SIREN, Wis. (AP) -- As the state prepares for the start of another tornado season, this northwestern Wisconsin community is a bit more apprehensive after a tornado nearly leveled the village and killed three people last June.
"Some people have commented that when the winds start to blow or the sky gets kind of dark they have some fears, and I think that's very natural," village President Larry Blahauvietze said.
The June 18 twister at Siren was the single most deadly in Wisconsin since the Barneveld tornado killed nine people in June 1984.
The National Weather Service reports the number of tornadoes has dropped every year since 1994, when 36 were recorded. Last year, 12 were spotted across the state.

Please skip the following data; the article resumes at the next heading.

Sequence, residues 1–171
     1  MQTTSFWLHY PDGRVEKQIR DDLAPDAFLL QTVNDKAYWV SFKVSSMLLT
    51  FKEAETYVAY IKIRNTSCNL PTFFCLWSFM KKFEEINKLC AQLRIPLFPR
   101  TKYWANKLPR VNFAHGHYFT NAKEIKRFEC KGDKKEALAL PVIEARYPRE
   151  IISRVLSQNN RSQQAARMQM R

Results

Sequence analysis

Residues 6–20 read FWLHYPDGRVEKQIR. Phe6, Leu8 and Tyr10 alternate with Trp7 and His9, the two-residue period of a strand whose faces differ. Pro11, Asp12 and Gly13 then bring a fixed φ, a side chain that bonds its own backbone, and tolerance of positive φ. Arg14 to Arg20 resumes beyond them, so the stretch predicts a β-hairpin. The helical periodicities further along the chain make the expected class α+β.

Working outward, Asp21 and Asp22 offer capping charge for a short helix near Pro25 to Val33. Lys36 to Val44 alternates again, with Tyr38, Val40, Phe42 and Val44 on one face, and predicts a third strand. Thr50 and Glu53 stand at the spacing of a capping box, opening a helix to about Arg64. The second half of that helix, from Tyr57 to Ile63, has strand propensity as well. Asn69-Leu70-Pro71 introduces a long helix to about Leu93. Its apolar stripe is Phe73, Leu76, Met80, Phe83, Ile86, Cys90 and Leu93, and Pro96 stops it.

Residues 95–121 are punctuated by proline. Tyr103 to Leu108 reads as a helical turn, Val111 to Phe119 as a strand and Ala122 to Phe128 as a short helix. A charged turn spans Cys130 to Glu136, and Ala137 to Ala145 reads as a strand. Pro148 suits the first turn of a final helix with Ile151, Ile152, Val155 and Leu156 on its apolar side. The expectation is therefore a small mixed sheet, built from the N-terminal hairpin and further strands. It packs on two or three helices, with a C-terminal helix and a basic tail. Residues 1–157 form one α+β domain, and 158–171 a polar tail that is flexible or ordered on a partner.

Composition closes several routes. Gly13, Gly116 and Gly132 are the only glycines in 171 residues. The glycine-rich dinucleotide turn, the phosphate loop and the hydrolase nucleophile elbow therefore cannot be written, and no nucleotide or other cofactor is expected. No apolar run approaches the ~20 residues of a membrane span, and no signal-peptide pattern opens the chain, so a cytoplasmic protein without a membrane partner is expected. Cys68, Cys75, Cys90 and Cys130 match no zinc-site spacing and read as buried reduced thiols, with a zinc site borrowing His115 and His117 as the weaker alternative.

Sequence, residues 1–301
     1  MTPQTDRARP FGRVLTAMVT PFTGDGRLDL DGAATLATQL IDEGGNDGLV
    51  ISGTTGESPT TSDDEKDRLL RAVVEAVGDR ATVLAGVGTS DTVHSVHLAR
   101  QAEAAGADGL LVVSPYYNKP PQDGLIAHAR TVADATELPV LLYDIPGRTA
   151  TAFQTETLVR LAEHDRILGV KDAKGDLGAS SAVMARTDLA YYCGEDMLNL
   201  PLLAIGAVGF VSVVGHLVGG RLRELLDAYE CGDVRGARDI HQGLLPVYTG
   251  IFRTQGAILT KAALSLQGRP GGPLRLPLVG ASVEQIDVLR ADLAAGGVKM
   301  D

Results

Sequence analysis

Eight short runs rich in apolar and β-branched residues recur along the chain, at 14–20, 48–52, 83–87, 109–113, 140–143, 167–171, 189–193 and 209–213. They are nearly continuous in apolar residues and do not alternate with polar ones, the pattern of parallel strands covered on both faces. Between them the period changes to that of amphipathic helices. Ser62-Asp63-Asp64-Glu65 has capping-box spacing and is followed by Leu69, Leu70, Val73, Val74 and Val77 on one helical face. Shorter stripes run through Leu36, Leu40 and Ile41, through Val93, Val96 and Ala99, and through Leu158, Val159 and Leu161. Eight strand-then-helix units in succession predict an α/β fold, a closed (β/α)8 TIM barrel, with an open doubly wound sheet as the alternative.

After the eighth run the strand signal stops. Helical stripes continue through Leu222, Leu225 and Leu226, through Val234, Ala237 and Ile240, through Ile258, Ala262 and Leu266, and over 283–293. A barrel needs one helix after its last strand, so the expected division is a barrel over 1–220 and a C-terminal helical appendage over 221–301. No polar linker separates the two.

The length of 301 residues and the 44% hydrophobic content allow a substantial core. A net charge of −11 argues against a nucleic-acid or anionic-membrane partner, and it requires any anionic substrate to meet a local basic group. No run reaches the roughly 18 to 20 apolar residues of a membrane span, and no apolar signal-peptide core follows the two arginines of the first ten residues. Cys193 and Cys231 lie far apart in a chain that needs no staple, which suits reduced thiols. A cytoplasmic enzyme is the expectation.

Still, the state has kicked off Tornado and Severe Weather Awareness Week to prepare people for the devastating effects of severe spring and summer weather.
More than 300 people turned out at a public meeting last week in Siren where National Weather Service meteorologist Carol Christenson educated residents about spotting bad weather.
"We are not in Tornado Alley, but that does not mean tornadoes will not occur," she said. "They will occur. Maybe not this year or next, but they will occur. We always have to be prepared."
Siren's antiquated warning siren -- which wasn't working June 18 because lightning had damaged it a month before -- has been replaced. Washburn County has given out more than 550 weather radios that turn on automatically when severe weather threatens.
Wisconsin Emergency Management and the National Weather Service have set Thursday as tornado drill day.
A practice tornado watch will sound at 1:15 p.m. followed by a warning at 1:45 p.m. Many schools and businesses will participate in the annual drill.
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